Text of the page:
A variation on this problem: What if GET U1 delivers not the book itself but a brief abstract of the book. Is it still a good idea to take U1 = U2?

There are many variants of these questions with different kinds of metadata subject substituted for 'book' and responses of varying degrees of pathology substituted for the carried in the response.

Web architecture review

We won't make much progress without a rigorous treatment of web architecture, even if we end up disagreeing with it, since all the relevant specifications and discussions assume it.

(Indented text is meant to to give motivation, or suggest a way in which the formal treatment might be informally conceived or interpreted. It should be taken as "informative" rather than "normative". If you think the indented remarks entail some interesting truth, by all means propose a new axiom or theorem to capture that truth.)

Let Thing be the universe of discourse, i.e. for all x, x is a Thing.

We use the word "thing" instead of "resource" to avoid confusion with the many mutually incompatible definitions of "resource".

Let 'RR' be a proper subclass of Thing.

Think of RRs ('REST-representations') as being similar to HTTP 'entities' - they consist of content and a few headers such as Language and Content-type. If R and S have the same content and headers then R = S. We'll figure out the details of encodings, which response headers to include, and so forth, later on.

Note that these RRs are not "on the wire" or associated with particular events or messages or "resources". A single RR might be stored in a file or transmitted multiple times. To talk about events one might have a different class, say a particular arrival of a RR at some agent.

Posit a relationship, which I'll call 'W', between some Things and some RRs. Write W(T,R) to mean that W holds between T, a Thing, and R, a member of RR.

Stipulate that a GET/200 HTTP exchange expresses a W-relationship between a Thing and an RR. That is, let us interpret an HTTP exchange with request GET U and response containing R, where R is a RR, as another way of writing the logical statement W(<U>,R). Here <U> is a term in our meta-language that refers to the "requested resource" (for a deconstruction of which see below).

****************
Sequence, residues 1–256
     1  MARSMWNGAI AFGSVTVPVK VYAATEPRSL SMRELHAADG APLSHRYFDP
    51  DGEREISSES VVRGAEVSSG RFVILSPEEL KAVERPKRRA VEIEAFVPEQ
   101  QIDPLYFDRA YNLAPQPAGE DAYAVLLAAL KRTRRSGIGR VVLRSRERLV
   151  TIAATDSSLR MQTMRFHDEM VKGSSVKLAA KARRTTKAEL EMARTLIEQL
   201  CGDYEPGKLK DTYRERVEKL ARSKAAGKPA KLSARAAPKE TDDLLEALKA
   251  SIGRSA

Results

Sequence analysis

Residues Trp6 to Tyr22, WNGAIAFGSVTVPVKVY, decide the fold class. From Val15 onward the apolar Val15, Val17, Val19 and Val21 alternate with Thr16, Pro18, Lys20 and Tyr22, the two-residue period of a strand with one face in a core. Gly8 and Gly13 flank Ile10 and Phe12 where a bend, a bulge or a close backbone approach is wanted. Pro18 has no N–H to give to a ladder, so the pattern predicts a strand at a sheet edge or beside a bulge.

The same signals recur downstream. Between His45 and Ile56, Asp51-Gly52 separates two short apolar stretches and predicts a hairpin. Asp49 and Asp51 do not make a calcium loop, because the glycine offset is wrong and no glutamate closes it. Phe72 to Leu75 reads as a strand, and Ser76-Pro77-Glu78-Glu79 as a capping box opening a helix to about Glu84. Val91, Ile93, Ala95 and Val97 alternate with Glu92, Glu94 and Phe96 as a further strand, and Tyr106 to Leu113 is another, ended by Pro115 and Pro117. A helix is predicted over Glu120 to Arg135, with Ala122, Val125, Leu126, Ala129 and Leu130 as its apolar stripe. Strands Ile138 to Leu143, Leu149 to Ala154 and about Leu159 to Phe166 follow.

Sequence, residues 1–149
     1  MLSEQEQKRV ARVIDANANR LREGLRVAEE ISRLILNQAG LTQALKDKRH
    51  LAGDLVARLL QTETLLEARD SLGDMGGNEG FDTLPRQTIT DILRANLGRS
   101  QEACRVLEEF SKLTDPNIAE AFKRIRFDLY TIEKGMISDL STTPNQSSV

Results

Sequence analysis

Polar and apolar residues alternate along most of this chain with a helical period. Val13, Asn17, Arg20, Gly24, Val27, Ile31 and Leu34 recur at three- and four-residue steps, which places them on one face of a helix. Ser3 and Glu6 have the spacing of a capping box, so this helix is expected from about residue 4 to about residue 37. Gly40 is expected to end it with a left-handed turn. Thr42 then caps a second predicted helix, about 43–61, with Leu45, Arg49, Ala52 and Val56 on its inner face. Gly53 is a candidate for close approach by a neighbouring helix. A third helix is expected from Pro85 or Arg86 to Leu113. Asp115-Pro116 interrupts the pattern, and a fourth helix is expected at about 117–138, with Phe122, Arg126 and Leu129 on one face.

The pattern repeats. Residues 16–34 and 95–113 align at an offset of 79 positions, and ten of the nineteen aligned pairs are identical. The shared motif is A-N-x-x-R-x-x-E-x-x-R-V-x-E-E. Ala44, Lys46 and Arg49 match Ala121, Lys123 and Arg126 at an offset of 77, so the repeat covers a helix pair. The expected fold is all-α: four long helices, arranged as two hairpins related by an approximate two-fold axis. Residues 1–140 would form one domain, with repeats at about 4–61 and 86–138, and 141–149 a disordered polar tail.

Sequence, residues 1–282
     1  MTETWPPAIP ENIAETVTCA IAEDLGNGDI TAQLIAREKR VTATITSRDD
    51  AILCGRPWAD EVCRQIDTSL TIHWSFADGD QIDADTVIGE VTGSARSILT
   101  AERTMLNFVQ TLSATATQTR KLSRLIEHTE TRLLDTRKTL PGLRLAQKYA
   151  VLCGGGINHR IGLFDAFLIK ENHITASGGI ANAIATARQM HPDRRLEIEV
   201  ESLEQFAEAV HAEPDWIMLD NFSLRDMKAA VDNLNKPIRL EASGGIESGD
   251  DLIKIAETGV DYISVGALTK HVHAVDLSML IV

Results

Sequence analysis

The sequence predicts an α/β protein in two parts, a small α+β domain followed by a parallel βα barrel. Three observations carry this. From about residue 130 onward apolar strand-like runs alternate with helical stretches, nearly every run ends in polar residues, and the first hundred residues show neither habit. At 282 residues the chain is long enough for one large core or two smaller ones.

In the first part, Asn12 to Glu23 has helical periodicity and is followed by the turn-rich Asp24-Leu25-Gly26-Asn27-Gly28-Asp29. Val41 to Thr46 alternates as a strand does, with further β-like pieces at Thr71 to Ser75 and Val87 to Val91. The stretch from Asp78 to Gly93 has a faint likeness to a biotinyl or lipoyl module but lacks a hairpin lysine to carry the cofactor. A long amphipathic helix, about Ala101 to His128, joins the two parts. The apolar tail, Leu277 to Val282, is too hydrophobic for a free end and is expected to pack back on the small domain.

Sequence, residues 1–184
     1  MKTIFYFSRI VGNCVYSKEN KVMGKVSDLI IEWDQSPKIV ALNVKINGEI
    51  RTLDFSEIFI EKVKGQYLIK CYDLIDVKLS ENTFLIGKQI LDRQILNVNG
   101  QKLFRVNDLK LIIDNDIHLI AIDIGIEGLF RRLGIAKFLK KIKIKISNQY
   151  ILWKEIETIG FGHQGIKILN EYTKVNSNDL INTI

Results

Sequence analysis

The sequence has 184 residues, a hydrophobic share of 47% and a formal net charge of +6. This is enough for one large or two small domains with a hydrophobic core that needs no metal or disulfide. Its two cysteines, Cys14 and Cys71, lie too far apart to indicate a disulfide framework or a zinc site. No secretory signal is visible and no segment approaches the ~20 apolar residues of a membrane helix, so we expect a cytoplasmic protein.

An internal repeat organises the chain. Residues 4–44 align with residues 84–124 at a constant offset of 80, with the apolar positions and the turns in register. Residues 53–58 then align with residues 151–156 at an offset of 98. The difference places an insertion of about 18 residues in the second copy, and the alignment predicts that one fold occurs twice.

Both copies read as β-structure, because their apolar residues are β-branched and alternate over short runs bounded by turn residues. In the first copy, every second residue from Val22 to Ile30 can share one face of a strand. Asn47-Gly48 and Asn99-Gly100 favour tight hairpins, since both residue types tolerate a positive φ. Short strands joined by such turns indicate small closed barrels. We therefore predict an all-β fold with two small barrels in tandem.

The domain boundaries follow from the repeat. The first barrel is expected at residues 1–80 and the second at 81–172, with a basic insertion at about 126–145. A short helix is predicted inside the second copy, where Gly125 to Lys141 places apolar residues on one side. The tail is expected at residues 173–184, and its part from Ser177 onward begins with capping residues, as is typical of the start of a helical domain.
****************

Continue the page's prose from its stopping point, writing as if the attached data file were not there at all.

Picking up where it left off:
Suppose, for example, that U is "http://example.org/z". Then a request GET http://example.org/z followed by a response carrying a RR R is interpreted as W(<http://example.org/z>, R). Nothing is said about what <http://example.org/z> "means" or "refers to".

We are not saying what W 'means' - merely that whatever it is that an HTTP GET/200 exchange means, that is what W means. The exchange and the W-statement have the same consequences.

A GET/200 exchange says more than just a W-statement: the response headers also tell us about cache control and other circumstances related to the exchange. Let's ignore these details for now.

We're using the notational convention <...> only as a way to choose constants in our meta-language for use in W-statements. Any other consistent rule for choosing logical terms for the things designated by request URIs in HTTP exchanges would work just as well. Later on we'll look more carefully at how URIs map to things.

There is a view that URIs in HTTP are purely operational and either do not designate anything or designate exactly some member of RR delivered in a recent GET request. For example, see this message and the email thread that contains it. In this view "resources" (here, the referents of <...> terms in our logic) are unnecessary theoretical constructs that don't exist. However, if we understand Pat correctly, "designation" ("naming", etc.) refers to the linguistic behavior of a community, and we have at least two communities that use http: URIs to designate: the expositors of web architecture and the specifications derived from it, and users of RDF and OWL. For web architecture, the resource theory is a useful framework for explaining recommended practice, and for RDF and OWL the question of whether resources exist or are necessary is hardly of consequence - if the theory helps in getting work done (for example, in proving consistency of a set of axioms) that's adequate justification, just as it is in mathematics or physics.